At the cloud bases of the developing cumulus clouds, Knight and Miller reported two important features: flat echo bases and weak echo regions. Flat echo bases are occasionally observed; they are very flat and horizontal bottoms in the X-band echo contours, similar to the visually flat cloud base at the condensation level. Figure 1 shows a clear example. Here the S-band reflectivity pattern also shows a flat echo base, but this is not always the case. Knight and Miller interpret the flat echo bases as the result of unmixed adiabatic ascent.

The base of the cloud in Fig. 1 is probably somewhere between 400 and 700 m. Near the cloud base, the S-band measurement shows a region with lower reflectivities. This region is called the “weak echo region” and is seen in nearly all the actively growing clouds. The bottom frame shows that the S-band reflectivity is dominated by coherent scattering, so the weak echo region is a minimum in the coherent return at S band. It is also sometimes present at X band but is then much less pronounced. The weak echo region at S band extends almost to the ground here. The weak echo regions often have reflectivity factors in the order of −20 dB*Z.*

Another feature reported by Knight and Miller is that on some days it is fairly common that the difference in reflectivity factors in the mantle echoes is not 19 dB*Z* but several decibels higher. This indicates a slope steeper than −5/3 for the variance spectrum of the refractive index variations. It may be that the X-band radar measured in the dissipation range, but a steeper slope may also be due to the effect of evaporation and condensation on the slope of the variance spectrum of humidity variations, as will be explained in section 3c.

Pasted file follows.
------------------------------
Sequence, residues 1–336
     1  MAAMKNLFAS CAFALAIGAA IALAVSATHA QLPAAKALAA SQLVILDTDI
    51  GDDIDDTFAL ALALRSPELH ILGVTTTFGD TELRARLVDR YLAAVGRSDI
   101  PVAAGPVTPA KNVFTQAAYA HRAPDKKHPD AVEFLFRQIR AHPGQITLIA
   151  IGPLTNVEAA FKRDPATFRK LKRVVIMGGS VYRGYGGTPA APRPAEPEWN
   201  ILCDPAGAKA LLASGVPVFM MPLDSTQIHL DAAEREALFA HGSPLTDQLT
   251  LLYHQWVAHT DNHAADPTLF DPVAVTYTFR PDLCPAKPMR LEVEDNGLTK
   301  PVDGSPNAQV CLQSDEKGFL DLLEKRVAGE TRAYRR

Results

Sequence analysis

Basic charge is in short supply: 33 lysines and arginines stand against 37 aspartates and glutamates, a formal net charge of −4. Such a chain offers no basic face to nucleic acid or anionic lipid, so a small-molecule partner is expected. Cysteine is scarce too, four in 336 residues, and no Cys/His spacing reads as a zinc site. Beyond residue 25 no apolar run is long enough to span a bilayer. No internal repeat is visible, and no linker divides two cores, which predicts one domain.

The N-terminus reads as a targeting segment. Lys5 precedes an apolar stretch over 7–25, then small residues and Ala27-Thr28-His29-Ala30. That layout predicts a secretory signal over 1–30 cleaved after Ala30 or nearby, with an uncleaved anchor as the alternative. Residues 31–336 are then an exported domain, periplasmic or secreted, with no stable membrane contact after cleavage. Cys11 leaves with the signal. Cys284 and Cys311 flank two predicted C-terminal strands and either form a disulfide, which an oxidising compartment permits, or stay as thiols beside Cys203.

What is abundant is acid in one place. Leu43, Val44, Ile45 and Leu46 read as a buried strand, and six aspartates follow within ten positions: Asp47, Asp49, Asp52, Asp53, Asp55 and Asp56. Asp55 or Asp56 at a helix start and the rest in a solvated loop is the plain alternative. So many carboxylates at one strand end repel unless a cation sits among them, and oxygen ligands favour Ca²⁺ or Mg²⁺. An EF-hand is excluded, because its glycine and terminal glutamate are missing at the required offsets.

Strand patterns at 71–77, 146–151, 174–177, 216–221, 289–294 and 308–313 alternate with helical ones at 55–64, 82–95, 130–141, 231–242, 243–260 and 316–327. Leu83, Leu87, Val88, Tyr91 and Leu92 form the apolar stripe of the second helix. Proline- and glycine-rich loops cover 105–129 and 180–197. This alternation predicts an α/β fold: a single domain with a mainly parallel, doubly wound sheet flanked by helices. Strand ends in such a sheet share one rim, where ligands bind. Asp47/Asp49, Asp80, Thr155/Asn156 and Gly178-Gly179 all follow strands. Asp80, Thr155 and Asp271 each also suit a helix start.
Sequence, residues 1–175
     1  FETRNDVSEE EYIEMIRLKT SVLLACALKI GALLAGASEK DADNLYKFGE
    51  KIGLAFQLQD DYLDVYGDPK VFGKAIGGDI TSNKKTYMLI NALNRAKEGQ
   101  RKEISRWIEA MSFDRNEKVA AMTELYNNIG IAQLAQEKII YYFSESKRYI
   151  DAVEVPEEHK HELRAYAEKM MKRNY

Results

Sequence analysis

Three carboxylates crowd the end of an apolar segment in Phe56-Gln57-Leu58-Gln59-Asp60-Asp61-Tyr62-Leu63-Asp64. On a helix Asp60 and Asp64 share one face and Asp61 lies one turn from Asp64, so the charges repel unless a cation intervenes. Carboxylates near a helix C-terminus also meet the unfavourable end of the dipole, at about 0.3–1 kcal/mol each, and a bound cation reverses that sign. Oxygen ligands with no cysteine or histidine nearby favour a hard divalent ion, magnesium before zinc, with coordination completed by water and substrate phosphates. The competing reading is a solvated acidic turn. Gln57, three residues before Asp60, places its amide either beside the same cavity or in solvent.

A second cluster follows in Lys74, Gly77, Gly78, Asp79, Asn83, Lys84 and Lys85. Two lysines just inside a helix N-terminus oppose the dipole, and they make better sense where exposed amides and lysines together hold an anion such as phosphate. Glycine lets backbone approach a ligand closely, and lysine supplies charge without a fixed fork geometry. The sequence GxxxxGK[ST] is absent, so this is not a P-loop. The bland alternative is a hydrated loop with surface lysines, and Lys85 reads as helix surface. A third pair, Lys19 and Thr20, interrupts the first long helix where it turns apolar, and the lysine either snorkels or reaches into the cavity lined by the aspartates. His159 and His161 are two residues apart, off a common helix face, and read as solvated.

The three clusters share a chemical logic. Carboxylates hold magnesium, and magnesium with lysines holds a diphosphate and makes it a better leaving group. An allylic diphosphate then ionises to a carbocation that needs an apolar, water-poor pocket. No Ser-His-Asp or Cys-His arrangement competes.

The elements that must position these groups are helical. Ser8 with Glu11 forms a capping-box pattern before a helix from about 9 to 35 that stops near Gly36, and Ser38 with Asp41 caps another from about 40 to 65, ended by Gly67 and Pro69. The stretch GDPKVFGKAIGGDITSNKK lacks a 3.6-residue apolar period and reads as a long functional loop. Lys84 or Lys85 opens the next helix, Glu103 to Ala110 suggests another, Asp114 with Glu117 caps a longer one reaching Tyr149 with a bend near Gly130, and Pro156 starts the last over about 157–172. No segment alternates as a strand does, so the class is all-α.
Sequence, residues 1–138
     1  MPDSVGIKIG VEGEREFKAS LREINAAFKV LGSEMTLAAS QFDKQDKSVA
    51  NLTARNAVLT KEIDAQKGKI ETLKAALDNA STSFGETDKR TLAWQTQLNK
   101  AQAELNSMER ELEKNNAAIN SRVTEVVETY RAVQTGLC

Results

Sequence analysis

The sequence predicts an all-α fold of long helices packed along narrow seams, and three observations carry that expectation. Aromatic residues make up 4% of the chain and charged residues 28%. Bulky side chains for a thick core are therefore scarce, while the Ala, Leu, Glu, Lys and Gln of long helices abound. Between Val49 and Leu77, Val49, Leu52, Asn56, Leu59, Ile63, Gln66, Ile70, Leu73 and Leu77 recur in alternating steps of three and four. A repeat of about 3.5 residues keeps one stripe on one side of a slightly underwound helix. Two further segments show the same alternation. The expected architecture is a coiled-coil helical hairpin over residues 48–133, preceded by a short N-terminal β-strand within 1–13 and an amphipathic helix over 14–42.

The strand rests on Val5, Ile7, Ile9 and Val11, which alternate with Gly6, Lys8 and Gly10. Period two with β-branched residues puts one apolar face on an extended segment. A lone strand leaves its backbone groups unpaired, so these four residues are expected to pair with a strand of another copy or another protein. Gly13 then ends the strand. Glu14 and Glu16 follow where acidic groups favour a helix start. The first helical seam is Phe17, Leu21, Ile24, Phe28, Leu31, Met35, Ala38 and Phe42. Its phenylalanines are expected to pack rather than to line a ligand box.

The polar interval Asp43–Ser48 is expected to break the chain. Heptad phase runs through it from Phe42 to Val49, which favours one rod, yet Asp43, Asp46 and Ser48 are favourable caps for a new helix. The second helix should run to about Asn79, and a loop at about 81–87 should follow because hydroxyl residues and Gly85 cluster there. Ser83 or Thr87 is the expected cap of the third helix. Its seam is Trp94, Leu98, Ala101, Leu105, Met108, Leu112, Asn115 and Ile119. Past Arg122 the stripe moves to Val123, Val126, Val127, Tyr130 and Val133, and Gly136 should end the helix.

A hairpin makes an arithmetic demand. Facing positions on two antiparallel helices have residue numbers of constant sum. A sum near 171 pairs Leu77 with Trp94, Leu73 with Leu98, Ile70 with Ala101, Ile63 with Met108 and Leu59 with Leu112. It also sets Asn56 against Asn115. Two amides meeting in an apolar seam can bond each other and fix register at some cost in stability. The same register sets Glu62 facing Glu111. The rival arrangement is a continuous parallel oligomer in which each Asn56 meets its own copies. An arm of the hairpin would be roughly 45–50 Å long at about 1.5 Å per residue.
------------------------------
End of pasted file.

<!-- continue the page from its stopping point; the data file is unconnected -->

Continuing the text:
### b. Coherent particle scattering in cumulus clouds

*Z*

*N*

*D*

^{6}

^{−7}

*β*

^{2}

*L*

^{−2/3}

_{0}

*N*

^{2}

*D*

^{6}

In situ aircraft measurements of the droplet concentrations performed during CaPE in clouds very similar to the ones described above showed droplet concentrations reaching 800–900 cm^{−3} near cloud base (Paluch et al. 1996). There is much uncertainty about the values of *β* and *L*_{0}, and they may be related. A value of 10 m for *L*_{0} was used by VanZandt et al. (1978) for the free atmosphere, but this value is probably much too small for the developing cumulus clouds considered here. Davis et al. (1996) measured the spatial fluctuations of liquid water content in marine stratocumulus clouds using a King hot-wire probe and Davis et al. (1999) used a particulate volume monitor for that purpose in broken stratocumulus decks with embedded towering cumulus. By dividing the standard deviation of the liquid water content measurements by their mean value, an estimate of the relative standard deviation *β* is obtained. This yields values between 0.05 and 0.58. A difference in the reflectivity factors of about 10 dB*Z* has been observed. Such a difference would result, for example, for *L*_{0} = 150 m and *β* = 0.6. This result shows that coherent droplet scattering *can be significant* in S-band measurements of cumulus clouds. In Fig. 2, the strongest correlation between the radar reflectivity factors at X band and at S band occurs for values of the X-band reflectivity factor that lie between about −5 and 2 dB*Z.* For a concentration of 800 cm^{−3}, this would mean droplet diameters between 27 and 35 *μ*m (when the droplet size distribution is assumed to be monodisperse).

Since both the incoherent term and the coherent term in Eq. (19) depend on *D*^{6}, we could explain the observed correlation by assuming that the differences between the measured data points are mainly due to an increase in the average diameter of the particles with height: the ascending air becomes colder and the droplets grow because of condensation.